There's more to citrus than lemons and limes. With multiple varieties of color and flavor combinations, there are many options for growing citrus. Whether you're looking for tart fruit, sweet fruit, or something in between, discover the differences and find the perfect citrus type for your garden.
It has the appearance of a lemon, but this member of the citrus family yields little or no juice and lots of pulpy flesh. The fruit of citron is large and thick-skinned, and it usually grows on a scraggly tree that sometimes serves as a novelty. 'Etrog' is the most common variety, but the fingered citron 'Buddha's Hand' has an unusual fruit shape and is often used in floral displays.
The citron's thick rind can be candied for use in flavorings and marmalades. It's most common in fruitcakes and Christmas puddings. 'Buddha's Hand' citron is ornamental, but in a pinch its "fingers" may be grated and used for flavoring. The tentacles of this unusual fruit are mostly pith (the zest is almost impossible to separate), so other varieties are better for preserves.
Researchers believe the grapefruit is a hybrid of pummelo and sweet orange that originated in the West Indies. To bear quality fruits, grapefruit trees require a long, hot growing season. Because the grapefruit is able to hang on the tree for long periods without deteriorating, you can attain acceptable flavor in cooler regions.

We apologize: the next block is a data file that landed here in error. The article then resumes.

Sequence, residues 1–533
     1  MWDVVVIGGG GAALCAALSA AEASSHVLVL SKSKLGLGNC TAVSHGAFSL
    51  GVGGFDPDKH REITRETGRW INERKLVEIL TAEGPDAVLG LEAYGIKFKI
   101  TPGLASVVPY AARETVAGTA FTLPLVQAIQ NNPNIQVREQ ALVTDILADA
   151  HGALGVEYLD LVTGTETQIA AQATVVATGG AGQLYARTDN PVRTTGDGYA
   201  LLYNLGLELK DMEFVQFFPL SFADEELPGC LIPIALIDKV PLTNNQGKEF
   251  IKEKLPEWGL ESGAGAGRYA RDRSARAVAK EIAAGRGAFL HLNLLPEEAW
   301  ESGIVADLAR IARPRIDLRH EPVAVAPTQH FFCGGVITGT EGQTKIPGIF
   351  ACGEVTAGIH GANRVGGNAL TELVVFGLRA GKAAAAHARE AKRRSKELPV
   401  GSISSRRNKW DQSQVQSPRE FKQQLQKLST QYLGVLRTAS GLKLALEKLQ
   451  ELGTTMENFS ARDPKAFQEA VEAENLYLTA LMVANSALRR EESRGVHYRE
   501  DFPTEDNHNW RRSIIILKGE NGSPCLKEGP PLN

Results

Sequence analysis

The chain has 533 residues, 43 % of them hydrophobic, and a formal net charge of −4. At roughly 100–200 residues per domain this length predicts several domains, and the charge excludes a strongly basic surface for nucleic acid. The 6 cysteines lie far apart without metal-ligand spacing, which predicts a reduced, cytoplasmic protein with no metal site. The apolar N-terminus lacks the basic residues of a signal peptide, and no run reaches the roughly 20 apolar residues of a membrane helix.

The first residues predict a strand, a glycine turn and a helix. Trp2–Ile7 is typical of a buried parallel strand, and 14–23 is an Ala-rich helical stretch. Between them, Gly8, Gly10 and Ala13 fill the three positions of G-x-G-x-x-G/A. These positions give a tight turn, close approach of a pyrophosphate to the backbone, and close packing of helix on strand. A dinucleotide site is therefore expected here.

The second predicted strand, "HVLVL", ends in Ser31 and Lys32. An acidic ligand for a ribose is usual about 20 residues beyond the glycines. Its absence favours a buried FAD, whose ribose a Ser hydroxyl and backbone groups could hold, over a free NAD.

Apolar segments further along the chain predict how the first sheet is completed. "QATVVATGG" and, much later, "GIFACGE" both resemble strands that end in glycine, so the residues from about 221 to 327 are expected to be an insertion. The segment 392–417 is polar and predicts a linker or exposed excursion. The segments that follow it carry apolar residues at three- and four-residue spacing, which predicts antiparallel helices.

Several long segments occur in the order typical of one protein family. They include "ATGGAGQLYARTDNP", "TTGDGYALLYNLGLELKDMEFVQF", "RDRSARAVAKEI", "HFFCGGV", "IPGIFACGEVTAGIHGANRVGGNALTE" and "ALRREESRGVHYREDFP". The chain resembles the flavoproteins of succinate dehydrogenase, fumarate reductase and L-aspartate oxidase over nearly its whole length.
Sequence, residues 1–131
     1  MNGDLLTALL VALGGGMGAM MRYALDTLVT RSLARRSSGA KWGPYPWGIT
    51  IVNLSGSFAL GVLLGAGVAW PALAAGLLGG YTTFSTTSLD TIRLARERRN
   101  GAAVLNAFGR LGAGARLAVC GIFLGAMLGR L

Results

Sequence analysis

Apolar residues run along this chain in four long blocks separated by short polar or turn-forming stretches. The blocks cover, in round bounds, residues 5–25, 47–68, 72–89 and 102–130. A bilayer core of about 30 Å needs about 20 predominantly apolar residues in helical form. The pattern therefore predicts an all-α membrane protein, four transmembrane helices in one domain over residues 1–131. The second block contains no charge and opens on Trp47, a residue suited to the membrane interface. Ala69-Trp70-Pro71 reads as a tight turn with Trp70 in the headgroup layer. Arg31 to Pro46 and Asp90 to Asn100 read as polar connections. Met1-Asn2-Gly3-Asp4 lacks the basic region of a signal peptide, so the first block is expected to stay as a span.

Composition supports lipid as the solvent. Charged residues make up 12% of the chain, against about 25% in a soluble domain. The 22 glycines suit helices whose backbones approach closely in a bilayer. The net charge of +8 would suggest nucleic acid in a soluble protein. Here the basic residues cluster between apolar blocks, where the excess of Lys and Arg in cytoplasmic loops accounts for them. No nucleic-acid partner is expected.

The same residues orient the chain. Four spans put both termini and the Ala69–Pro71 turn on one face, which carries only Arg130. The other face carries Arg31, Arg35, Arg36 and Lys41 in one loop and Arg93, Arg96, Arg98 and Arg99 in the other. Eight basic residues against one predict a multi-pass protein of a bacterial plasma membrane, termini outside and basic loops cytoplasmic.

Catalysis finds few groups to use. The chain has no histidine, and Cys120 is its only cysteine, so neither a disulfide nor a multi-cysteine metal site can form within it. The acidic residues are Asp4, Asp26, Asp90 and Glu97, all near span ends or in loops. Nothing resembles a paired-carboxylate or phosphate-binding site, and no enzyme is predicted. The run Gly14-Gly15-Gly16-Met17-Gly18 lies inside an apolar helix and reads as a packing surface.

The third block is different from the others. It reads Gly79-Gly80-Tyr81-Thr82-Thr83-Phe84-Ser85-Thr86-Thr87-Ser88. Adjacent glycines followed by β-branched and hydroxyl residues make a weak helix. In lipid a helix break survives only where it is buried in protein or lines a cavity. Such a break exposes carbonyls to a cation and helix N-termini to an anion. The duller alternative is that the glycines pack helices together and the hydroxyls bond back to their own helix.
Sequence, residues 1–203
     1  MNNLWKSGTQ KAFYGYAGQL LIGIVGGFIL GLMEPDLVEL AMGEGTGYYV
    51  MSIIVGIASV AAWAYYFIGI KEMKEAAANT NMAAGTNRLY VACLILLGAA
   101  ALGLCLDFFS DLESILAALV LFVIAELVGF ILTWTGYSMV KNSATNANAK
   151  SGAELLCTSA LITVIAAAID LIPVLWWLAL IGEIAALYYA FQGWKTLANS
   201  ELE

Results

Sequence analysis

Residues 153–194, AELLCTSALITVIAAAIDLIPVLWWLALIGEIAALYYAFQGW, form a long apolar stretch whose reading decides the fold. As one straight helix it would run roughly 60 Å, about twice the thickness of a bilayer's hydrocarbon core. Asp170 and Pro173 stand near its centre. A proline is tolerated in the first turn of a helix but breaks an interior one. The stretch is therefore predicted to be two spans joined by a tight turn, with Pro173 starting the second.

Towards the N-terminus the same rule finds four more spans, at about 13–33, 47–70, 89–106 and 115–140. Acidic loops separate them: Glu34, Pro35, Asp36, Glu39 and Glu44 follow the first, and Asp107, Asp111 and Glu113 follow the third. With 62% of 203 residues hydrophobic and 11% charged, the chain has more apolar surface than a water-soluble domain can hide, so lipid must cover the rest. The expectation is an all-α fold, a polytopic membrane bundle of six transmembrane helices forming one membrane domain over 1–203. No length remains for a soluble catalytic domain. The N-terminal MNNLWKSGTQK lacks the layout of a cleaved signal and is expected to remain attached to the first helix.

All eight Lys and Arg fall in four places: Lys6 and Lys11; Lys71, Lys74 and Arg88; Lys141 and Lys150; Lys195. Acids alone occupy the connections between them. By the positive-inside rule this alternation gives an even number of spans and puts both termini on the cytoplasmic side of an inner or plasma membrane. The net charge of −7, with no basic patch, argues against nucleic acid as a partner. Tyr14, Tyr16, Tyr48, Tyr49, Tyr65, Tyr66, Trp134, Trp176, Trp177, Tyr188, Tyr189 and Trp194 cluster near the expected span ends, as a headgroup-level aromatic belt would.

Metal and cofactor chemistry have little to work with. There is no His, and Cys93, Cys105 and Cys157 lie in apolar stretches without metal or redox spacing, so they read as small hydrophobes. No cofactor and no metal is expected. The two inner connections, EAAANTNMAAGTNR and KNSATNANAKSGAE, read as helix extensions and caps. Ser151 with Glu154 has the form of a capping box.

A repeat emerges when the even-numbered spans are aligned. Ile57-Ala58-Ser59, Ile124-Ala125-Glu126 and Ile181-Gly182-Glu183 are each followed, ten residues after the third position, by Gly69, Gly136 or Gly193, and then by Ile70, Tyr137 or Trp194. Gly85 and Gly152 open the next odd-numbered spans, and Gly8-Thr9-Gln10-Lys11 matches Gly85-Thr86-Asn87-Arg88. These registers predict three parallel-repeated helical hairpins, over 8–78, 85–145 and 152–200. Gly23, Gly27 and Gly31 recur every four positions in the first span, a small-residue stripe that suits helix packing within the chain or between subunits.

Grapefruit comes in white or pigmented flesh. 'Duncan' and 'Marsh Seedless' have white flesh, while 'Flame', 'Ruby', 'Redblush', 'Rio Red', and 'Star Ruby' develop pink to red flesh and a reddish rind in hot climates. Both types of grapefruit taste the same, however there is a difference in flavor when it comes to seeded and seedless grapefruit. Seedy fruits are the most commercially recognized. Cooked and sweetened with sugar, grapefruit makes excellent marmalade and candied peel, as well as juice. Look for heavier grapefruit with thin skin for the most juice.
Kumquats grow on attractive trees that are densely covered with small leaves and, unlike other citrus, bloom in the heat of the summer. While varieties grown from seed can get quite large, most varieties you'll find are grafted onto a rootstock that keeps them compact, so they're great for containers.
Kumquats are hardy to about 18 degrees F, making them ideal for hybridization with other citrus, such as limes (limequats) and oranges (orangequats), both of which are ornamental. Kumquats can be used in many delicious dishes, and they are also decorative and often used in holiday centerpieces.
Lemons are one of the most recognizable and widely used citrus fruits. A lemon tree can be just as useful to a cook as an herb garden due to the fruit's ability to be used in a large number of diverse dishes, from stew to pizza and even chocolate cake. Standard trees can reach more than 20 feet high; they are among the few citrus trees that should be regularly pruned to make sure the fruit is within reach.
A lemon tree can be a boon in the kitchen. If you don't have the time to make lemonade or lemon marmalade, squeeze the juice and freeze it in a freezer tray. Boil the lemon cubes with water, brown sugar, and a clove, and then add rum to make hot toddies. The cubes also work great for chicken, game, or pork marinades. The possibilities are endless.